Use of P2P mobile payment apps, such as PayPal and Venmo, vary significantly by generation, according to a new survey from The Manifest.
29% of millennial’s (18 to 34 years old) regularly use P2P mobile payment apps to pay for food and drinks, compared to approximately 10% of older generations. Baby boomers (55 years and older) more frequently use P2P mobile payment apps to pay for physical items, such as clothing and furniture.
The survey found over half (51%) of millennials regularly use P2P mobile payment apps for purchases overall, compared to 48% of Gen Xers (approximately 35 to 55 years old).
PayPal Reigns, Though Definitions May Be Confused
PayPal is the most regularly used P2P mobile payment app for nearly 75% of users surveyed.
Although PayPal is widely used, experts suggest its popularity in a P2P payment app survey may be the result of confusion by those surveyed over what “peer-to-peer” means.
“You can use PayPal to pay for things all over the internet or at businesses,” said Zack Drew, head of business development at Blue Label Labs, an app design, development, and marketing agency. “I wouldn’t consider all of that peer-to-peer. I don’t know anybody who uses PayPal peer-to-peer like that.”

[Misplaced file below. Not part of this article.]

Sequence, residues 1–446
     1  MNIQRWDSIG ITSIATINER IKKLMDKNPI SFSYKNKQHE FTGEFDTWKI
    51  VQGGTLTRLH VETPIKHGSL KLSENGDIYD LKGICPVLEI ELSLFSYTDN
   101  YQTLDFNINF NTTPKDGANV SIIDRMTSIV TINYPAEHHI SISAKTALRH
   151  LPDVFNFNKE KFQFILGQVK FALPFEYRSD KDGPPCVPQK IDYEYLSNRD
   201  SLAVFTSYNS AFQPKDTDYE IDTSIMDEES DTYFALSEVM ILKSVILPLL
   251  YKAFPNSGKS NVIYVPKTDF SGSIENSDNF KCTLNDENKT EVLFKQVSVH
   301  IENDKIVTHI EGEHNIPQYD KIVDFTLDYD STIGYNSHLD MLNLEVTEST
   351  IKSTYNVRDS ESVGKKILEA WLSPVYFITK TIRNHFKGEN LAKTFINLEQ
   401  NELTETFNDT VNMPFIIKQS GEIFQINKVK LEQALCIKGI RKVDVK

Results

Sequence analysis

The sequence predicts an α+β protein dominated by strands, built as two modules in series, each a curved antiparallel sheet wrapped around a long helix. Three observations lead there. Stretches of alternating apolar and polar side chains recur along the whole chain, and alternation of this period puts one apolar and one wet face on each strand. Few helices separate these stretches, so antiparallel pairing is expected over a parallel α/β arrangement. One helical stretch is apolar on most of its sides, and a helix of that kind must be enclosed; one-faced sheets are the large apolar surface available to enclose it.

PayPal is better known for its online business transactions, compared to its subsidiary P2P payment brand, Venmo, which ranked second in popularity (14%) in the survey. Both apps offer convenience and flexibility for payments.
“A mobile peer-to-peer payment app is easier than using a credit card, especially for group purchases,” Drew said.
The Manifest surveyed 511 US smartphone owners to determine trends among popular app categories including social media apps and food delivery and restaurant loyalty apps. The latest survey focused exclusively on P2P mobile payment apps. Overall, the survey found that nearly half (46%) of smartphone owners regularly use P2P mobile payment apps.
The data suggest that P2P mobile payment apps influence how and when people, particularly millennials, expect payments. When sending money is as easy as clicking a button on your smartphone, people may be less likely to cover a coffee or meal with the expectation that “it will even out in the end.”
Read the full report HERE
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